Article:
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The inner touch : archaeology of a sensation

Autore: Daniel Heller-Roazen
Editore: New York : Zone Books ; Cambridge, Mass. : Distributed by the MIT Press, 2007.
Edizione/Formato:   Libro : EnglishVedi tutte le edizioni e i formati
Banca dati:WorldCat
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An original, elegant, and far-reaching philosophical inquiry into what it means to feel alive.

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Informazioni aggiuntive sul formato: Online version:
Heller-Roazen, Daniel.
Inner touch.
New York : Zone Books ; Cambridge, Mass. : Distributed by the MIT Press, 2007
(OCoLC)741712679
Tipo documento: Book
Tutti gli autori / Collaboratori: Daniel Heller-Roazen
ISBN: 1890951765 9781890951764 1890951773 9781890951771
Numero OCLC: 74492273
Riconoscimenti: Winner of Modern Language Association Aldo and Jeanne Scaglione Prize for Comparative Literary Studies 2008.
Descrizione: 386 p. : ill. ; 24 cm.
Contenuti: Murriana --
The aesthetic animal --
The primary power --
The circle and the point --
Sentio Ergo Sum --
Sleep --
Awakening --
Company --
Historia animalium --
Appropriation --
Elements of ethics --
The hound and the hare --
Life science --
The unnamed king --
Psychology of the 449th night --
The fountain and the source --
Perception everywhere --
Of the merits of missiles --
Thorns --
To myself; or, the great dane --
Of flying creatures --
Coenaesthesis --
Phantoms --
The anaesthetic animal --
Untouchable.
Responsabilità: Daniel Heller-Roazen.

Indice:

da clayton994 (Utente WorldCat su 2008-08-13)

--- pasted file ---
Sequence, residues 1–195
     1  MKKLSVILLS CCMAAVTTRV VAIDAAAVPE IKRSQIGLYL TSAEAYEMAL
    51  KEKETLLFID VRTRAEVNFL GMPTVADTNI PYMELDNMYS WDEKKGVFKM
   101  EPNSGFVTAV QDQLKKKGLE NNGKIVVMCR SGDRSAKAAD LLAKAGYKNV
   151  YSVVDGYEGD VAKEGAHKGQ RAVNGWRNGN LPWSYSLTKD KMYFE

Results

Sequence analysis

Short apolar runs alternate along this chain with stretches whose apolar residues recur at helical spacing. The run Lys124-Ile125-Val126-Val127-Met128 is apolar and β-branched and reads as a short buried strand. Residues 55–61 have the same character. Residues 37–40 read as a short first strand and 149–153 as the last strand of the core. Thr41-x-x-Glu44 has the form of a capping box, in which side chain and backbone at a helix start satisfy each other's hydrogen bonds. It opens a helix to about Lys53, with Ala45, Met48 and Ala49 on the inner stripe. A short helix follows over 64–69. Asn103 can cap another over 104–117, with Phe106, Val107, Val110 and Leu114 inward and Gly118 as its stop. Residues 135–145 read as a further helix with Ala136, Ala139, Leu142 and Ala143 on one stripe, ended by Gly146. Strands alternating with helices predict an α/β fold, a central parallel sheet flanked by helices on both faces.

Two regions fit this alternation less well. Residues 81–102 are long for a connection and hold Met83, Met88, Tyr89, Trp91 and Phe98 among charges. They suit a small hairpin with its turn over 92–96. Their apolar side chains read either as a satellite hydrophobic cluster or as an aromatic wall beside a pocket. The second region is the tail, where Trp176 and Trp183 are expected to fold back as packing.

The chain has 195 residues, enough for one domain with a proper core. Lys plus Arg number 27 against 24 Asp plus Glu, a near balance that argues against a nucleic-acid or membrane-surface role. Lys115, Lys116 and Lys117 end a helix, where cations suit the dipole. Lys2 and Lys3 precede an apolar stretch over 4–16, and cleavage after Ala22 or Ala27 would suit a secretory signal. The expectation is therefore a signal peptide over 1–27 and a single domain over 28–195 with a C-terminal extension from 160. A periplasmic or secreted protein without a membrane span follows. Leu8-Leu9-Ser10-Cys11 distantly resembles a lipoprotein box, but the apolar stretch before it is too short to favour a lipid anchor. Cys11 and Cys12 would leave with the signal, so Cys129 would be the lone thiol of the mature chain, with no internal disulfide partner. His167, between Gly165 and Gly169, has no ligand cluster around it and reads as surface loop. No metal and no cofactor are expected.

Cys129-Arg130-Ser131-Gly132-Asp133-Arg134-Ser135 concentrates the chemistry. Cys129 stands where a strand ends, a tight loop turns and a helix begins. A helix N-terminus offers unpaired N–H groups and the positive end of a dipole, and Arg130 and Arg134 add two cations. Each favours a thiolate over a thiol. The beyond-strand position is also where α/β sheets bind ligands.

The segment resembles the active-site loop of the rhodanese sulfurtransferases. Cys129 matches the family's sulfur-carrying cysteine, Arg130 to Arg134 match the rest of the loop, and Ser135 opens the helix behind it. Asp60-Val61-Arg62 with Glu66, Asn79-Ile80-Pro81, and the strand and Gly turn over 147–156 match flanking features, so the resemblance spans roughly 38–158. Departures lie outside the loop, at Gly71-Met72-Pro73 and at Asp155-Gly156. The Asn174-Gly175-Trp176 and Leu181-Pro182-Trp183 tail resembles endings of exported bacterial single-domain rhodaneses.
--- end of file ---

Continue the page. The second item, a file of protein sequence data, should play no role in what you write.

1. Murriana, A Preface to the Work, in which Hegel and E.T.A. Hoffmann's writing Cat, Murr, consider the Relations between Sensation and Consciousness -- 2. The Aesthetic Animal, Of the ancient Philosophers, Aristotle most especially, who, like the Cat, spoke much of Sensation, little of Consciousness -- 3. The Primary Power, Containing Aristotle's Doctrine of the common Sense, the master Faculty by which Animals sense that they are sensing -- 4. The Circle And The Point, A Likeness of the Philosopher and his Pupils, which links the foregoing common Sense to Time and to Language too -- 5. Sentio Ergo Sum, In which Aristotle and the ancient Commentators explain why Beasts, so long as they live, cannot Jail to notice that they exist -- 6. Sleep, Containing a Discussion of Aristotle's Account of the insuperable Law which dictates that sentient Beings, if they are ever to be awake, must rest -- 7. Awakening, A short Chapter, in which Proust, Valery, and Benjamin say much about the Disturbances at the End of Sleep -- 8. Company, The ancient Concept of Sunaisthesis, the Faculty by which Animals feel when they feel and feel, no less, when they do not -- 9. Historia Animalium, Containing a Remark or two on the Definition of human animal Nature, from Aristotle to Simplicius -- 10. Appropriation, A long Chapter, containing an important Notion, as well as the Doctrines of Chrysippus concerning a small Mussel and a Crab, smaller still -- 11. Elements Of Ethics, A Treatise by Hierocles the Stoic, who sought to prove beyond all Doubt that ``Beasts perceive themselves continuously'' -- 12. The Hound And The Hare, Being the shortest Chapter in the Book -- 13. Life Science, In which Augustine of Hippo invents the inner Sense, with some Help from Aristotle and the Stoics, among Others -- 14. The Unnamed King, In which Greek passes into Arabic, and the master Sense makes an unexpected Appearance in a Book by al-Farabi -- 15. Psychology Of The 449th Night, A short Chapter, in which a costly Slave discourses before a Caliph concerning the Powers contained in the Brain -- 16. The Fountain And The Source, Another short Chapter, considering the Fortunes of the Arabic Doctrines among the Schoolmen and Others of their Age -- 17. Perception Everywhere, A long Chapter, on Descartes, Bacon, and most especially Campanella, who held the World to be a large sensing Animal -- 18. Of The Merits Of Missiles, In which Leibniz differs from Descartes and from Locke, calling to Mind slow yet forceful Movements most worthy of Attention -- 19. Thorns, Another long Chapter, Treating of Leibniz on Perception, Apperception, and the Existence of infinitely small and slightly sharp Sensations -- 20. To Myself; Or, The Great Dane, In which a fearsome Dog famously leaps upon Jean-Jacques Rousseau, putting an End to an otherwise solitary Walk -- 21. Of Flying Creatures, Wherein Avicenna, Condillac, and Maine de Biran relate startling Findings made by Men and Statues suspended in Space -- 22. Coenaesthesis, On the medical Idea of the common Feeling, the bodily Sense by which animate Beings dimly perceive that they are alive -- 23. Phantoms, In which Bodies feel Parts they do not possess, and alternately fail to feel those Parts that are truly theirs -- 24. The Anaesthetic Animal, Of modern Psychiatry and its Discovery of People who sense, with much Conviction, that they do not exist -- 25. Untouchable, An End to the Work, containing what the Reader may, perhaps, expect to find in it.

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